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Football's Emotional Ups and Downs

   by Al McMordie - 10/22/2007

Emotion is an enormous angle to consider when handicapping football games. A fired up, focused team can wipe out a lot of bad stats that they may also possess. We saw this on Monday night a few weeks ago when the Bills hosted the Cowboys. It was the first Monday night game in years for the team and the fans of Buffalo, and they played inspired football for the whole game….or at least up until the final 20 seconds, when they collapsed. Regardless, they covered easily as a double digit home dog.

College football offers even more instances where emotion can come to the forefront. Not only because there are more games than in the NFL each weekend, but because the players are younger. No team was higher than Kentucky two weeks ago when it faced LSU, the No. 1 team in the nation. As a home dog, the Wildcats played the game of their lives and won in triple overtime.

Earlier in the season we saw Colorado muster a monster-effort at home in an emotional upset of Oklahoma. It’s going to be interesting to pay close attention to several college football teams over the next few weeks, as emotion and confidence are likely to be key factors. On paper, Nebraska has a very strong offense. However, there are all kinds of problems with this team. The offense has become more reliant on the pass of late because the defense has been horrendous. QB Sam Keller has an interception in every game but one this season. They just lost at home to Texas A&M, 36-14, a few weeks after getting destroyed at home by Oklahoma State. Nebraska is 0-6 SU, 1-5 ATS its last 6 as a dog.

The Huskers fired their AD and brought in Tom Osborne, so many are wondering if a housecleaning is approaching. The unit formerly known as the Blackshirts can't stop the running game. Is the team making halftime adjustments? They were down just 16-14 at the half to the Aggies, then got blown out again. That’s something to keep in mind if you like to make halftime wagers.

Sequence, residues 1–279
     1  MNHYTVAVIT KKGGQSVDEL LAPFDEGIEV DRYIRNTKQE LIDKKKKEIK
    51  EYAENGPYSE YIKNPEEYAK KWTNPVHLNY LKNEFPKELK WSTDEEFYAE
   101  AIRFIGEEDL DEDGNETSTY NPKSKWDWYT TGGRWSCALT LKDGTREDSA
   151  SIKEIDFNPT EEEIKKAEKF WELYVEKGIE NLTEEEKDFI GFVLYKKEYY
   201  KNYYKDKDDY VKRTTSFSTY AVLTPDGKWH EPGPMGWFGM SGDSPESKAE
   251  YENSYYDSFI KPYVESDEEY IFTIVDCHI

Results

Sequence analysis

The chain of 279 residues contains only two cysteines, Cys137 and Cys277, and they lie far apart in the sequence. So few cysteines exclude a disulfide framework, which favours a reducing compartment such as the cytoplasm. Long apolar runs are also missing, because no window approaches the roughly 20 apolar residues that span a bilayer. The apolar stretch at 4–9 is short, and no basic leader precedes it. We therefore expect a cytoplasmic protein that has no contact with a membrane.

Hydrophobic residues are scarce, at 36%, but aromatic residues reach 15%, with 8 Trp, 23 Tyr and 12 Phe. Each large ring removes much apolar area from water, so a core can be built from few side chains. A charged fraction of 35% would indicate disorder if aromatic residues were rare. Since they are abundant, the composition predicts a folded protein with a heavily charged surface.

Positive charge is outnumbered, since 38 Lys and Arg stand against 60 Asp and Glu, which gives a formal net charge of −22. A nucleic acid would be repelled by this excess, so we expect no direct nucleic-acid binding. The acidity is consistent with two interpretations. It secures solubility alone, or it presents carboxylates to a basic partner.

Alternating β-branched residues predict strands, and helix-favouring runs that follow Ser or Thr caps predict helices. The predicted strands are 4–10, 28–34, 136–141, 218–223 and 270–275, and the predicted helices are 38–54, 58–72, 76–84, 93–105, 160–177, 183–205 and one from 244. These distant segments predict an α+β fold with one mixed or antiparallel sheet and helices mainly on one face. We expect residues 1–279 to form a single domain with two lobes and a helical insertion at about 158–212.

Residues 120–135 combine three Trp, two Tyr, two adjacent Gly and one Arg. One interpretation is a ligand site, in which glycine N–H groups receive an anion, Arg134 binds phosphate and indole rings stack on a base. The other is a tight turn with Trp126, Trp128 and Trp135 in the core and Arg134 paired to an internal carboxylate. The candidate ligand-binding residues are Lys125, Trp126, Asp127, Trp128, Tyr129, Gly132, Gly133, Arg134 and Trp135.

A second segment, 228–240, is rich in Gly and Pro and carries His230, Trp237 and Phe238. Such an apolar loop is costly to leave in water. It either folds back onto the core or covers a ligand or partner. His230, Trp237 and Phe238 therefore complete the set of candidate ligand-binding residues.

Florida State is another team that might be down on itself. The defense had a meltdown during the final three minutes of Miami's come-from-behind 37-29 win. “We self-destructed,â€쳌 one player said. "It hurts; it hurts," Bobby Bowden said after Saturday's loss. "We needed this ballgame; we needed this ballgame."

Good coaches can get their team to bounce back and get over a lack of confidence. Bad coaches are like a chicken with its head cut off, not knowing how to react or how to get players to re-focus. Other times, a coach simply might not have the talent on the field to do anything about a problem. Bowden has to deal with weak QB play, while Nebraska hasn’t been able to stop the run. Those are serious problems that can eat at a team’s confidence.

USC got embarrassed in that shocking loss to Stanford, 24-23, as a 39-point favorite. They were an angry team the next game, but again failed to cover. A big reason was personnel: The starting QB, senior John David Booty, was out with an injured finger. The starter was QB Mark Sanchez, making his first ever start. Emotion is one thing to channel for success or a bounce-back opportunity, but a coach still needs the players.

South Carolina plays at Tennessee this weekend, a game involving a pair of teams that have had some emotional roller coaster moments this season. South Carolina was shocked 17-6 at home by Vanderbilt on Saturday, because of 4 turnovers and a freshman QB. Growing pains are to be expected. "I don't know about anybody else, but it's pretty embarrassing," WR Kenny McKinley said. South Carolina strong safety Emanuel Cook added, "That's the sorriest team in the SEC we lost to."

“Amazingly, the eighth game of the season we had five false starts of the offensive linemen,â€쳌 Steve Spurrier said. “It sort of looked like one of the first games all year. We just didn’t get ready to play for some reason. This should not be a shock to our team. We’ve been scraping by. I never said we was a great team.â€쳌 By the way, South Carolina is 8-4 SU, 10-2 ATS their last 12 road games under Spurrier.

Tennessee has been throttled several times this season and comes off another bad performance in a loss at Alabama, 41-17. "It definitely wasn't the game we expected," Vols linebacker Jerod Mayo said. "We came out expecting to play as good as any game we've played in the past. Alabama came out and did a good job."

The blowout loss will further fuel the speculation about the direction of the Tennessee football program under Phil Fulmer. "Obviously, you don't like to lose a rivalry game by 24 points," UT Athletics Director Mike Hamilton said. "We've had our share of good fortune against them over a long period of time and today wasn't our day," Fulmer said. "We got it handed to us. Big-time handed to us." Keep in mind Tennessee is 13-24 ATS its last 37 at Rocky Top. Emotional highs and lows, tied in with other factors, can help handicappers predict how that team might play the next week – or the rest of the season. Best of luck, as always...Al McMordie.

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